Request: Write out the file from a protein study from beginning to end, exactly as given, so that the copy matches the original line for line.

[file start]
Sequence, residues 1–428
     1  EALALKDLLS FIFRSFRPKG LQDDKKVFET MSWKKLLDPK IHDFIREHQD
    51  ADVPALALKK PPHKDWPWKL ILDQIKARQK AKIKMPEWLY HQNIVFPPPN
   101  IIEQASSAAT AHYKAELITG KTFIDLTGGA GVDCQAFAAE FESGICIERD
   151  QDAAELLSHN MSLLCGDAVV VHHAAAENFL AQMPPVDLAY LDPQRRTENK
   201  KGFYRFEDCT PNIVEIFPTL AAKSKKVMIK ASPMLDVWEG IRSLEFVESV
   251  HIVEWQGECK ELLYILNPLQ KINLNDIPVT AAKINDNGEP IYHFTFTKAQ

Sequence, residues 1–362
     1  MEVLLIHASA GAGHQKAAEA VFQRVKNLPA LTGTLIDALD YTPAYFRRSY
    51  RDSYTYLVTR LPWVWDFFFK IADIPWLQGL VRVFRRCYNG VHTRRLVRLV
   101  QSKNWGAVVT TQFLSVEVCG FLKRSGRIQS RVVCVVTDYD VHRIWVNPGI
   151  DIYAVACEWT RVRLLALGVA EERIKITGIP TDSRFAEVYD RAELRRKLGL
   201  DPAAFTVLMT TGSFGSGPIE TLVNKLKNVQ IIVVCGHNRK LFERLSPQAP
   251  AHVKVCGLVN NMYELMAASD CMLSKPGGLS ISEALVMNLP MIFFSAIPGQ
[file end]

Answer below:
Sequence, residues 1–428
     1  EALALKDLLS FIFRSFRPKG LQDDKKVFET MSWKKLLDPK IHDFIREHQD
    51  ADVPALALKK PPHKDWPWKL ILDQIKARQK AKIKMPEWLY HQNIVFPPPN
   101  IIEQASSAAT AHYKAELITG KTFIDLTGGA GVDCQAFAAE FESGICIERD
   151  QDAAELLSHN MSLLCGDAVV VHHAAAENFL AQMPPVDLAY LDPQRRTENK
   201  KGFYRFEDCT PNIVEIFPTL AAKSKKVMIK ASPMLDVWEG IRSLEFVESV
   251  HIVEWQGECK ELLYILNPLQ KINLNDIPVT AAKINDNGEP IYHFTFTKAQ

Sequence, residues 1–362
     1  MEVLLIHASA GAGHQKAAEA VFQRVKNLPA LTGTLIDALD YTPAYFRRSY
    51  RDSYTYLVTR LPWVWDFFFK IADIPWLQGL VRVFRRCYNG VHTRRLVRLV
   101  QSKNWGAVVT TQFLSVEVCG FLKRSGRIQS RVVCVVTDYD VHRIWVNPGI
   151  DIYAVACEWT RVRLLALGVA EERIKITGIP TDSRFAEVYD RAELRRKLGL
   201  DPAAFTVLMT TGSFGSGPIE TLVNKLKNVQ IIVVCGHNRK LFERLSPQAP
   251  AHVKVCGLVN NMYELMAASD CMLSKPGGLS ISEALVMNLP MIFFSAIPGQ